Foraging for food on the banks of the Dee Estuary
PUBLISHED: 00:00 16 June 2015
Most of us would focus on the views across the Dee Estuary but foraging guide Matt Normansell has good reason to keep his gaze downward, writes Martin Pilkington
A brisk stroll along the shore at Thurstaston will pique anyone’s appetite, and there are fine ways to satisfy culinary cravings minutes from the beach. But you needn’t leave the sands to discover new taste sensations.
On such walks most of us would focus on the fabulous views across the Dee Estuary. Foraging guide Matt Normansell, however, directs his gaze down at the ground around him. ‘If you know what you’re looking for there’s a huge variety of plants and seafood here,’ he promises. And in two hours of pleasant rambling along sands, mud-flats and cliff top he delivers on that, his foraging basket full when we finish.
It helps of course that he knows the territory from previous visits with parties of clients. On arrival Matt heads straight to a partly submerged rock: ‘This is my mussel rock,’ he explains, and promptly proves it by scooping out a dozen or so from the surrounds. They’ll join the periwinkles found atop the same stone in a seafood dish. But there’s a caveat: ‘You need to be careful,’ he says: ‘I check the local water quality reports before gathering anything, and I’ll flush these in salt water – 35g per litre of water – for about five to six hours, then change the water and do it again adding a sprinkle of oats to help get the grit out.’
Mussels are easy to identify, but how about Sea Purslane? Matt finds some growing in unpromisingly muddy ground, and the plant itself, low-growing and rather tough-looking, doesn’t exactly shout ‘eat me.’ The stubby oval leaves are, however, delicious, a salty snack complete with pleasing crunch. Next to it is a patch of Sea Aster, its shoot-tip reminiscent of cucumber perhaps, and apparently much sought after by trendy chefs: ‘They’ll pay £25 per kilo,’ says Matt: ‘I’m not against some commercial foraging, but you have to forage sustainably, not endangering the plants or damaging the environment.’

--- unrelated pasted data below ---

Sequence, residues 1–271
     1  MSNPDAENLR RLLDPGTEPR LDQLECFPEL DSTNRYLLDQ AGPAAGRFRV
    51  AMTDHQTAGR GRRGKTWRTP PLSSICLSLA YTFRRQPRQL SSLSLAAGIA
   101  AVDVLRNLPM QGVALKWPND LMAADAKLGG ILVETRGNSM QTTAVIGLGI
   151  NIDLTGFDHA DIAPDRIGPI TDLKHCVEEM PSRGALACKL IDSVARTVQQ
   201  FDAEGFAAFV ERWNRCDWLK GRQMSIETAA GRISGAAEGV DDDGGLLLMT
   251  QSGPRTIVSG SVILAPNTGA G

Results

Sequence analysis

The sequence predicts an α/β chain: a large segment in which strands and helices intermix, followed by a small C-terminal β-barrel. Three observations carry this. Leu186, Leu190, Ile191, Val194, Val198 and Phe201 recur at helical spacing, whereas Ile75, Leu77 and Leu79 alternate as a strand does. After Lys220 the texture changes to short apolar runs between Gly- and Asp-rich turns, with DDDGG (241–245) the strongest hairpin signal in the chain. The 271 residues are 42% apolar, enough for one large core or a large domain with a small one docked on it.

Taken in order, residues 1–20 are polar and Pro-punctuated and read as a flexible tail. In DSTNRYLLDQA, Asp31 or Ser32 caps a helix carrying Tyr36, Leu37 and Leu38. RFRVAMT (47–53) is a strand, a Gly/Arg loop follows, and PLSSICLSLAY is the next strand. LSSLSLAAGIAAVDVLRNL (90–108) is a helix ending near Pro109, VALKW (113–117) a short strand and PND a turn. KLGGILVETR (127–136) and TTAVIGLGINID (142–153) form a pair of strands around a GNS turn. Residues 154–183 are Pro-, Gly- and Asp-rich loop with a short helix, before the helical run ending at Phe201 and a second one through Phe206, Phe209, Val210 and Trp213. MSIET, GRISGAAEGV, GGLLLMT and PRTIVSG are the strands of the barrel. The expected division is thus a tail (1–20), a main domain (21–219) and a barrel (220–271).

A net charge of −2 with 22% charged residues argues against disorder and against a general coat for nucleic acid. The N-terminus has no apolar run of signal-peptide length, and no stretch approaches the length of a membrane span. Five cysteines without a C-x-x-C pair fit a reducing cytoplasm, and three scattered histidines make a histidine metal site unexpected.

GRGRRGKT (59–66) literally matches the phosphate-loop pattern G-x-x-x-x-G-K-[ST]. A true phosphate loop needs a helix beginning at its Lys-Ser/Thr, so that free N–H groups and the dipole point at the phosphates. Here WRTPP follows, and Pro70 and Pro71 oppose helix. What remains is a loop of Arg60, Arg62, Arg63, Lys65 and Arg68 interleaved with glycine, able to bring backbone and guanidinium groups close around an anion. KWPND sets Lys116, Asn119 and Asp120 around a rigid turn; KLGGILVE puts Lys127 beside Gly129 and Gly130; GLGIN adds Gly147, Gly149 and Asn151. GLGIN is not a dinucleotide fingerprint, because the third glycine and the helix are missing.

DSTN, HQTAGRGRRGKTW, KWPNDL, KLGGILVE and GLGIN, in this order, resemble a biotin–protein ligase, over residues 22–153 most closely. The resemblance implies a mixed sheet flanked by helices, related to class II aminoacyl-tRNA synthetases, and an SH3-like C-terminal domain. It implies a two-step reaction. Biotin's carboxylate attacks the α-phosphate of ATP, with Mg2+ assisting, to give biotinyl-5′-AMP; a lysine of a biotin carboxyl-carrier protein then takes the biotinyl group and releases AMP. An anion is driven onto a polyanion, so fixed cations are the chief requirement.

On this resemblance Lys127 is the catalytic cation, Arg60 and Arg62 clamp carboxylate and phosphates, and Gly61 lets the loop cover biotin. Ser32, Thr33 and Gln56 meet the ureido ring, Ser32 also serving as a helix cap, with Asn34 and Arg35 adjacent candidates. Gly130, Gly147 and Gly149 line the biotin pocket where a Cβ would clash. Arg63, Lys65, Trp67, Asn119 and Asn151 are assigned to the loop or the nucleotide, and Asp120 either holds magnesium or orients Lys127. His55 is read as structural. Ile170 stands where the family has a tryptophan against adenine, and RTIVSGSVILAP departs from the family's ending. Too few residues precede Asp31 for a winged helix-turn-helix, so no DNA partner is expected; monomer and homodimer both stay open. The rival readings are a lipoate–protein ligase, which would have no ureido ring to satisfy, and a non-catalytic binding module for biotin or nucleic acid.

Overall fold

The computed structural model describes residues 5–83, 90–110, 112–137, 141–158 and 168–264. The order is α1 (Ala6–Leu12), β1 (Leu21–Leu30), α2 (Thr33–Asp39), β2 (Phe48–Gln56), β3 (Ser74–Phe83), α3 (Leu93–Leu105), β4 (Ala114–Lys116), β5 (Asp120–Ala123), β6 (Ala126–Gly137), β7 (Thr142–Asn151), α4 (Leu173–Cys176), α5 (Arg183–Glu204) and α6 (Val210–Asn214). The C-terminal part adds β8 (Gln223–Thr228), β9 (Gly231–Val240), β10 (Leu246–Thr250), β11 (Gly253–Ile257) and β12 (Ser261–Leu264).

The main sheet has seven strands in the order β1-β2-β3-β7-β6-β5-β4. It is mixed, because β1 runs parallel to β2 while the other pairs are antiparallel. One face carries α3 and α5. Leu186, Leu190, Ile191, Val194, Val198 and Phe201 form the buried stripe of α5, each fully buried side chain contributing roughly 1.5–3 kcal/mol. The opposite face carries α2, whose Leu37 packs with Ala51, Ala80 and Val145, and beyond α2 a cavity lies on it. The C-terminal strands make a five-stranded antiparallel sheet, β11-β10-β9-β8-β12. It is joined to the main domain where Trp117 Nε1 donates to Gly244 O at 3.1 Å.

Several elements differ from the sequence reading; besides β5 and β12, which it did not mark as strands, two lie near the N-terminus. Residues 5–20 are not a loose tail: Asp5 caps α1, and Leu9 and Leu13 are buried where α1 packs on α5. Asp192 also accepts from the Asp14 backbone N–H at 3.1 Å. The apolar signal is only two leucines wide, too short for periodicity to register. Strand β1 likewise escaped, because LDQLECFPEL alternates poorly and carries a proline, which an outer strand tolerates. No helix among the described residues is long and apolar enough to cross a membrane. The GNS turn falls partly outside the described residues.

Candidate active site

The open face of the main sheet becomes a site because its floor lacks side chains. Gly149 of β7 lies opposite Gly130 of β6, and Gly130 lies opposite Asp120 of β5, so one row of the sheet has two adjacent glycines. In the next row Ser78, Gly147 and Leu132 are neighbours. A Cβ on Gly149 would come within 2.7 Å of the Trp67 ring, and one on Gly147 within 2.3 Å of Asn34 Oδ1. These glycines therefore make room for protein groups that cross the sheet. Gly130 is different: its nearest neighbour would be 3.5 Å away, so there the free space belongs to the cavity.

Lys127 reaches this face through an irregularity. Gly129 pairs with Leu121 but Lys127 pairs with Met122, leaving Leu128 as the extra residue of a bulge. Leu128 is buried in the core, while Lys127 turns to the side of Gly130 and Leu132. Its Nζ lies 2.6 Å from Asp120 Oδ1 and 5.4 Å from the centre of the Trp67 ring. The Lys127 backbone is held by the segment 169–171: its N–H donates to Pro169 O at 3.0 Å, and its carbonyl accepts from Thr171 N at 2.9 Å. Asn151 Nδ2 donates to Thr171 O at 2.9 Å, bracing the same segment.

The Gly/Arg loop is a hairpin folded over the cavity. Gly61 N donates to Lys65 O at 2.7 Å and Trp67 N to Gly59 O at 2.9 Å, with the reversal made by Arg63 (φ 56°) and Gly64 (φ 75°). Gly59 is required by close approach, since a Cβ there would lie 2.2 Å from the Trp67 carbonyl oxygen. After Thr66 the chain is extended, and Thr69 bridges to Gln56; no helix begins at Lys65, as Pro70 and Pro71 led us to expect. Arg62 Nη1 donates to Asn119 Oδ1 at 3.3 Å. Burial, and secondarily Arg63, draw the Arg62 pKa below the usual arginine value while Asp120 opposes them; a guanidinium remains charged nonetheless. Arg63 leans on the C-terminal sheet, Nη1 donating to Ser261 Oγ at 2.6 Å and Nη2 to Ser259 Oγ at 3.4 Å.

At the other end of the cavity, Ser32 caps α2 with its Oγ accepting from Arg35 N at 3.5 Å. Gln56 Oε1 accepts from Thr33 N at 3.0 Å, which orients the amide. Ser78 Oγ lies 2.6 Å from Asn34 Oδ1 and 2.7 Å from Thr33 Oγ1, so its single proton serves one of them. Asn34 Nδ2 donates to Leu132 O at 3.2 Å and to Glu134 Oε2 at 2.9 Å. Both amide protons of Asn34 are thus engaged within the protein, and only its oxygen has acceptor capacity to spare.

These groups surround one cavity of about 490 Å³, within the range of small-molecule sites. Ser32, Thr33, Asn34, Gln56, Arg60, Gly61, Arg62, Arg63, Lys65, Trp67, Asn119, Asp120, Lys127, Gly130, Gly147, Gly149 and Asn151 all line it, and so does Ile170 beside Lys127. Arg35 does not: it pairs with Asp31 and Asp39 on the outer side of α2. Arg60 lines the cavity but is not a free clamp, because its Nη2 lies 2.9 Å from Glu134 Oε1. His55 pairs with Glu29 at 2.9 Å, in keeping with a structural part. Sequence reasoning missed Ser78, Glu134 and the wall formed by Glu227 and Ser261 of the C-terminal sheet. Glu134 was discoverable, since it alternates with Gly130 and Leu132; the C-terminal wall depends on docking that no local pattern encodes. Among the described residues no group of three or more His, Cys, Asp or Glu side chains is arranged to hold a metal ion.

He will in fact shortly be providing Manchester’s 1847 vegetarian restaurant with ingredients for a ‘wild’ event: ‘Restaurants are always looking for the next new thing, new flavours, so where once it may have been elderflower panna cotta now it’s foraged leaves.’
Choice is not lacking. At the foot of Thurstaston’s cliffs we find plenty of sea beet, for example: ‘It’s the granddad of Swiss chard, ruby chard, and sugar beet,’ he says: ‘You can eat the tiniest leaves in salads, and cook slightly larger ones like kale.’ The flavour is, unsurprisingly, very beet-y.
The same logic applies to shoots of Sea Radish he finds nearby, peeling the tough skin to reveal a tender core with a nice radish-y heat. In the same patch there’s vetch, the leaf-tip of which tastes just like pea-shoots, another winner.
A short scramble up the cliff takes us to a gorse bush. Matt picks and eats a couple of flowers: ‘People reckon it tastes like coconut. Don’t see it myself. But they decorate a salad nicely, and you can make syrups and cordials with them too.’
Along the cliff-top path he discovers some Alexanders, a plant grown commercially for its stems and leaves until the 18th century, when celery, improved by growers, supplanted it as both pot herb and vegetable.
Matt spent years learning how to recognize plants and fungi before setting up his Eden Wild Food business: ‘There’s a herbalist tradition in the family, and as a kid I’d go with my parents picking berries for jam. Then when I was 18 I got Richard Mabey’s classic ‘Food for Free’ book, which fired my imagination. Foraging became my passion – the process of finding out new stuff is just as rewarding as actually gathering food, I’ve got a whole library of books on the subject. Two years ago my wife pushed me to do it professionally, and here I am.’
His role still brings new discoveries: the gales before our trip uprooted a sea-beat plant, so Matt harvests a few inches of the edible root to try: ‘It’s illegal to dig them up, so this is a very rare opportunity,’ he says.
It’s not just the law that can threaten the unwary forager: ‘A friend was looking for hemlock water-dropwort to show it to people, and picked the pretty similar Alexanders by mistake. Hemlock water-dropwort is the most poisonous plant in Europe. Imagine getting it wrong the other way around!” w
Legislation relating to seashore foraging is complicated. You’re unlikely to get into bother if you:
- pick a few leaves here and there
- don’t dig up roots
- don’t cut or pick the whole plant
- avoid any protected species!